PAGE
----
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A humble Bluetooth device has successfully connected to a satellite in orbit

The big picture: Hubble Network has set itself the ambitious goal of creating a global satellite network capable of connecting with any Bluetooth device. It has recently demonstrated that this goal is achievable, despite initial skepticism from many. Moving forward, the company intends to expand its network to enhance both capacity and the frequency of satellite flybys.

Hubble Network recently announced that it has achieved something many believed to be impossible: it established a Bluetooth connection directly to space, making it the first company in history to accomplish this feat. The achievement marks an important step towards realizing the company’s ambitious goal of creating a global satellite network accessible to any Bluetooth-enabled device.

Earlier this year, the Seattle-based startup launched its first two satellites into orbit on SpaceX’s Transporter-10 rideshare mission from Vandenberg Space Force Base on the central coast of California. Since then, they have successfully received signals from a simple 3.5mm Bluetooth chip over a distance of 600 km.

Despite encountering skepticism, especially considering the challenges Bluetooth devices often face in connecting to nearby devices, Hubble Network has proven its critics wrong. “By demonstrating that we can send signals directly from Bluetooth chips and receive them in space from a distance of 600 km, we’ve opened up a new realm of possibilities,” said Alex Haro, co-founder and CEO of Hubble Network.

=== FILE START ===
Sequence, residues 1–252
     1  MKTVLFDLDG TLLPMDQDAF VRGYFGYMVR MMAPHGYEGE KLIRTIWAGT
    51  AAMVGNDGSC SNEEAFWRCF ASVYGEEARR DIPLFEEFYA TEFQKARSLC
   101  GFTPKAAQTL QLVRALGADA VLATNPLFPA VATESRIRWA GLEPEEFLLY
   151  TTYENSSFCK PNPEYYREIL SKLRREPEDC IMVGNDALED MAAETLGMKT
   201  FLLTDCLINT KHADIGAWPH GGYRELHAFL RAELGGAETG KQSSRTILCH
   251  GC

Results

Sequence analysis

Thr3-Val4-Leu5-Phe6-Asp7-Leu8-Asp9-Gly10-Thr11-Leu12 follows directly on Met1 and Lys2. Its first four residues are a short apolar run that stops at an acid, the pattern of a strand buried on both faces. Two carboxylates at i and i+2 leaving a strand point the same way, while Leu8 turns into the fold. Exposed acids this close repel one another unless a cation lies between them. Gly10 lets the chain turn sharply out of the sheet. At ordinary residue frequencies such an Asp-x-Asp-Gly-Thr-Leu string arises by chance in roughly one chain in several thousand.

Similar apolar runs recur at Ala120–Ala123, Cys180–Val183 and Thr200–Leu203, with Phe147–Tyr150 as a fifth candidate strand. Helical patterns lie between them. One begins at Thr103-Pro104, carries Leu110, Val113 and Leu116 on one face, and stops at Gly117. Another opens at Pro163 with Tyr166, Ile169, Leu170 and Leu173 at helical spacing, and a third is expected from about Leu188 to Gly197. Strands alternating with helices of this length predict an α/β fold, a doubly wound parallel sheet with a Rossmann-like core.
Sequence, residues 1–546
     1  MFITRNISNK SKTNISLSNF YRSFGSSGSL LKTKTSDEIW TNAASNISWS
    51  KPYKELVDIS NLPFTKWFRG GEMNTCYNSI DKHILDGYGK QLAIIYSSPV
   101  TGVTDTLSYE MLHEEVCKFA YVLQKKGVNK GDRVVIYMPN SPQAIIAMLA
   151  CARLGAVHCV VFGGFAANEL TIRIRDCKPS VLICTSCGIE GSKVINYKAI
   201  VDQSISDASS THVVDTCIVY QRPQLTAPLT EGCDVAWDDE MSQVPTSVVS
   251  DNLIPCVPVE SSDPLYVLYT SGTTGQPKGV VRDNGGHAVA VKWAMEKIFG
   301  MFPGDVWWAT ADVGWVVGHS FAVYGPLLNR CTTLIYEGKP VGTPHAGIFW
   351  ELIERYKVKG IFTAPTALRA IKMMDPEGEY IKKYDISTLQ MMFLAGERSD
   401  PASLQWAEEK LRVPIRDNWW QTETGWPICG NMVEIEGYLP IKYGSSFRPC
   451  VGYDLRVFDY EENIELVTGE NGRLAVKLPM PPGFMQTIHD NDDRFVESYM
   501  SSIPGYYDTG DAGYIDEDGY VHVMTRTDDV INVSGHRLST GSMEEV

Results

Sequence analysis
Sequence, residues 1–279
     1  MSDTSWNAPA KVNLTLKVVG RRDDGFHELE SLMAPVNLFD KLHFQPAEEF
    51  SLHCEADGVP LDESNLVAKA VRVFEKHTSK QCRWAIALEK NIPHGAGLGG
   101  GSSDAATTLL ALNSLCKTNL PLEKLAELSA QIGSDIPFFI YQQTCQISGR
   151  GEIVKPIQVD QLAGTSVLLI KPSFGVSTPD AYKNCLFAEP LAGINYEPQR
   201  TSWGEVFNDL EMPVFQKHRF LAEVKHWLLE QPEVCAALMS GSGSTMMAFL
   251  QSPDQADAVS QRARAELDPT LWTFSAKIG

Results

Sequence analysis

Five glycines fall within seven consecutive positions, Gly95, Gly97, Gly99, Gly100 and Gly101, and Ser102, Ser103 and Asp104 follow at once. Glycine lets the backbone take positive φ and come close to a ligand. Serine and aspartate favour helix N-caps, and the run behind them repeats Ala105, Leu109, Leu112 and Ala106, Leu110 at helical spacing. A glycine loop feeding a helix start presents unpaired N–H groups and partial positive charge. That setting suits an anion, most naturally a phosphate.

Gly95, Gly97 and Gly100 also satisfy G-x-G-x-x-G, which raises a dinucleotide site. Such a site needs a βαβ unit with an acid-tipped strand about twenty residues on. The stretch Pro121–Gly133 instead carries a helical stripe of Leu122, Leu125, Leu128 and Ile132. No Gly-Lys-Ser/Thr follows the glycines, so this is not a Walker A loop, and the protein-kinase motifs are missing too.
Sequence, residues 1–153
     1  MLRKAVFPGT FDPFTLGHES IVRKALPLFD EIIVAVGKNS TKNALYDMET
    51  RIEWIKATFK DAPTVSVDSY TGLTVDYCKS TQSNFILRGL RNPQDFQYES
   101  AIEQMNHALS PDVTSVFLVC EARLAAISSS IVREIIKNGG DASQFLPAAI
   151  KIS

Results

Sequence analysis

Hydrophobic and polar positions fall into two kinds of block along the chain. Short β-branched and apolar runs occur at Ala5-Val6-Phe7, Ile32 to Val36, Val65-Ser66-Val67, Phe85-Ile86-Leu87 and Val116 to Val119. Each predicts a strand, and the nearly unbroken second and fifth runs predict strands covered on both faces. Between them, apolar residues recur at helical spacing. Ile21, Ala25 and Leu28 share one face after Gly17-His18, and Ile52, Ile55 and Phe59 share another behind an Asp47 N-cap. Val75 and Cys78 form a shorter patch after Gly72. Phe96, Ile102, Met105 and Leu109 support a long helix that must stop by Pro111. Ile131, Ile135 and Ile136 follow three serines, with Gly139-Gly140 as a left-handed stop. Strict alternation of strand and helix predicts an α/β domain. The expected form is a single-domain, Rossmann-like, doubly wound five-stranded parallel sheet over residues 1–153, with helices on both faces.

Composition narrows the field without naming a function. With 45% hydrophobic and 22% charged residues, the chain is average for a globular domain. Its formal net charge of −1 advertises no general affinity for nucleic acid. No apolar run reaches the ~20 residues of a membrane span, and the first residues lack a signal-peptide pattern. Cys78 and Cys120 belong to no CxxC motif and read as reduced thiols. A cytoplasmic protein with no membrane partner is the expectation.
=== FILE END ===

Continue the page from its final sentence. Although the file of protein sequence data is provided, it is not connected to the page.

According to the company, connecting any off-the-shelf Bluetooth device to Hubble’s satellite network via a software update – even without cellular reception – could potentially offer global coverage with 20 times less battery drain and 50 times lower operating costs. Countless applications utilizing existing low-power, low-cost sensors could be developed without the need for additional expensive space-enabled hardware.

Hubble Network reports that it is already collaborating with pilot customers in various sectors, including consumer devices, construction, infrastructure, supply chain, logistics, oil and gas, and defense.

Hubble was founded in 2021 by Haro, co-founder of Life360, along with Ben Wild, founder of Iotera, and aerospace engineer John Kim. When the idea of connecting a Bluetooth chip to a satellite was initially presented to Haro, he dismissed it as crazy, especially considering his previous experience grappling with this very problem while attempting to build a GPS watch for kids. However, cracking this particular challenge eventually became irresistible, particularly as existing terrestrial and satellite networks often fall short, struggling with coverage in remote areas and consuming too much power, not to mention their high operational costs on a global scale.

Almost a year ago, the company closed a $20 million Series A round led by Transpose Platform, providing the necessary capital to launch its first series of satellites and onboard its initial pilot customers.

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